Went to see Mr. Popper’s Penguins this afternoon, and we were the only people in the theater not accompanied by someone under 10. It’s a formula family film, but we enjoyed it, because we wanted to see adorable penguins doing cute things, and that’s exactly what we got.
The plot — rich guy learns family is the most important thing through having to care for wacky animals — is comforting, even if I do agree with the critic who said it is WAY past time to stop putting out kids’ movies where divorced parents just need the right push to get back together. That’s the wrong message to show children, because they don’t realize just how much of an idealized fantasy it is.
It’s clearly a Christmas movie, with snow and cold weather featuring as part of the plot, so I was temporarily confused why it’s out in July. Then I realized that it goes well with movie theater air conditioning on a hot day, and this way, the DVD will be on sale perfectly timed for holiday buyers.
Jim Carrey does an admirable job goofing around with the (sometimes real, sometimes CGI) birds, even if his mugging did occasionally not seem quite right for the character. His real estate salesperson was supposed to be a charmer, not so much a funnyman. Carrey is very good, though, at blending the heavier emotions with the light goofing with animals. You’ve already seen several of the best sequences — the birds invade a museum fundraiser, Carrey faces off with an evil zookeeper (Clark Gregg) who wants to take his penguins — in the ads.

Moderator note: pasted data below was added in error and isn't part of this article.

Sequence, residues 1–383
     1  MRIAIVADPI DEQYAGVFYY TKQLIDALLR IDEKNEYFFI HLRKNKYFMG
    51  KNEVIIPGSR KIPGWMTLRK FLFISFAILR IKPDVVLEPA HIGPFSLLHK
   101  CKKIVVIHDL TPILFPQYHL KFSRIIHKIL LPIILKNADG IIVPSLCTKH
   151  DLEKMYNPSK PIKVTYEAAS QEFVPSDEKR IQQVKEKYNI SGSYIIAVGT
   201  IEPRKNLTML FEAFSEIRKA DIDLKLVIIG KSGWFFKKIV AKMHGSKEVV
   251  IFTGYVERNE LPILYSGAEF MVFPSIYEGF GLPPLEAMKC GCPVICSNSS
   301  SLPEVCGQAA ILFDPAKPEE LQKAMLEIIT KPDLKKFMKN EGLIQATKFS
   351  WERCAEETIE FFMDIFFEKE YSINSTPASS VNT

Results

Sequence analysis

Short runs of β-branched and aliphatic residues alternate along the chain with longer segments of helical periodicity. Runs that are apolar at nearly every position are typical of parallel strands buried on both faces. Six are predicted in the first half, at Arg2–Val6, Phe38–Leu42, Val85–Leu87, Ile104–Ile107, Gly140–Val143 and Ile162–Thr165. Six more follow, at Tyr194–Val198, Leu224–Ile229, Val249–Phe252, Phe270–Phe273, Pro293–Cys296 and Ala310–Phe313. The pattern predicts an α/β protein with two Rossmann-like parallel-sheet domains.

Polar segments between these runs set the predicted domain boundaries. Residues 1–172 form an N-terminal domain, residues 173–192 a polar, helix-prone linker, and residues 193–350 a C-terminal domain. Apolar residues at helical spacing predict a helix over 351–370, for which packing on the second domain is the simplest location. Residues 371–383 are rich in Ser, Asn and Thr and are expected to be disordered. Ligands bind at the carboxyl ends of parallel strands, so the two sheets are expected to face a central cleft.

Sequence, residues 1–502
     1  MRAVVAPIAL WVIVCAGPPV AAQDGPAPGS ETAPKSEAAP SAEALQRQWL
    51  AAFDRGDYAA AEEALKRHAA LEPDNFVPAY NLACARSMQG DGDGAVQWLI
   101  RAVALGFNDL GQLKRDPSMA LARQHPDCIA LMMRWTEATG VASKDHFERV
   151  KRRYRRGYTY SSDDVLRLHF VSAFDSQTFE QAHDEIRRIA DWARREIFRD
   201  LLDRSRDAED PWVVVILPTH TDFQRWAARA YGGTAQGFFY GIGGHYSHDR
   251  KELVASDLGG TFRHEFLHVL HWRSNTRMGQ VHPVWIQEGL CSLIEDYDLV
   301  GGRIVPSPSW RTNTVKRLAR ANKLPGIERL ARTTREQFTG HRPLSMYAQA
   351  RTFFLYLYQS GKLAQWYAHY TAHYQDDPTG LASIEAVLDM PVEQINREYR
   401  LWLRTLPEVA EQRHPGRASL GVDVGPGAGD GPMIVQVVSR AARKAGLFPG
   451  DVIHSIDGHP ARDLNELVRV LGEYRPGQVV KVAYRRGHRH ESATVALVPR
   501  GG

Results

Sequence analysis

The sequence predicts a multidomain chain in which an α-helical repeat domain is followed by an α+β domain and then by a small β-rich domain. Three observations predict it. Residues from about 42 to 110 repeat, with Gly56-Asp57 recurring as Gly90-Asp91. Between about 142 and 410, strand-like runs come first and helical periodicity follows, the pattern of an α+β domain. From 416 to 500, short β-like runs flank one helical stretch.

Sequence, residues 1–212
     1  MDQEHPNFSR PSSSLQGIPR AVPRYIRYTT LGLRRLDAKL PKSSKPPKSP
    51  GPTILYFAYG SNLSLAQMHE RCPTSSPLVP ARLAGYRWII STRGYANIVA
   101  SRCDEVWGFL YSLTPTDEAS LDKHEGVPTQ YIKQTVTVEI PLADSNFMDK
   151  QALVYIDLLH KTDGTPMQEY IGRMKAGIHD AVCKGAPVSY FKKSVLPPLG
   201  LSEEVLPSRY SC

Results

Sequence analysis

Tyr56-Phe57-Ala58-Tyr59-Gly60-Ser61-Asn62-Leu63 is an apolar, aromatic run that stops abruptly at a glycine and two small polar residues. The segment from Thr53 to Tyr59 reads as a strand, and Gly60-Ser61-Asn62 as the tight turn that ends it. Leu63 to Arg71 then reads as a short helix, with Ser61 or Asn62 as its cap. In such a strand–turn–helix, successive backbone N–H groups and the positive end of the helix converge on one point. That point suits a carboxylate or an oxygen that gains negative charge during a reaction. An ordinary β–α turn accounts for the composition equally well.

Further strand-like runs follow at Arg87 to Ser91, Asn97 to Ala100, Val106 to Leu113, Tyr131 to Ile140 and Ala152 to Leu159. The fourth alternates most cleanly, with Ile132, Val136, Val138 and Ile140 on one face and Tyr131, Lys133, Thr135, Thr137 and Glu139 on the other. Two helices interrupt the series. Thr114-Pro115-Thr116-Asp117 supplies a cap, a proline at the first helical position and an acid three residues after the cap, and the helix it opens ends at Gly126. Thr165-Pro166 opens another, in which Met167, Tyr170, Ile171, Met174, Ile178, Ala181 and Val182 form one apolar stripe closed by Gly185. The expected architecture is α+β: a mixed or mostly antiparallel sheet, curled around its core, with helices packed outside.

My favorite character was Pippi (Ophelia Lovibond), Carrey’s assistant who uses words with Ps any time she can, unconsciously. I thought her presence was left over from the source, a beloved children’s book, because I thought no one would create a character that creative for a kids’ movie these days. Turns out I was wrong — that role was one of the many many changes made for the screen, and the performance, made more fun by her British accent, is one of the best things about the movie.
Another favorite moment: the way the penguins love watching Charlie Chaplin movies. As you might have gathered from the trailer, there are a variety of poop and fart jokes to keep the kiddies entertained with bird bodily functions. Some of the plots, such as the nosy neighbor, simply disappear from the film after a while, while others (the ending) are unbelievable, even within the logic of the movie. It’s convenient that in these kinds of films, dad always has a job that’s made him rich, so once he comes around, no one has to worry about making it to work on time any more. None of this matters, because the point is to watch Carrey go from unfeeling snob (with gorgeous apartment) to loving family man and caring bird-keeper, and that’s exactly what we get. I’m eager to see the inevitable DVD making-of, just for more bird footage.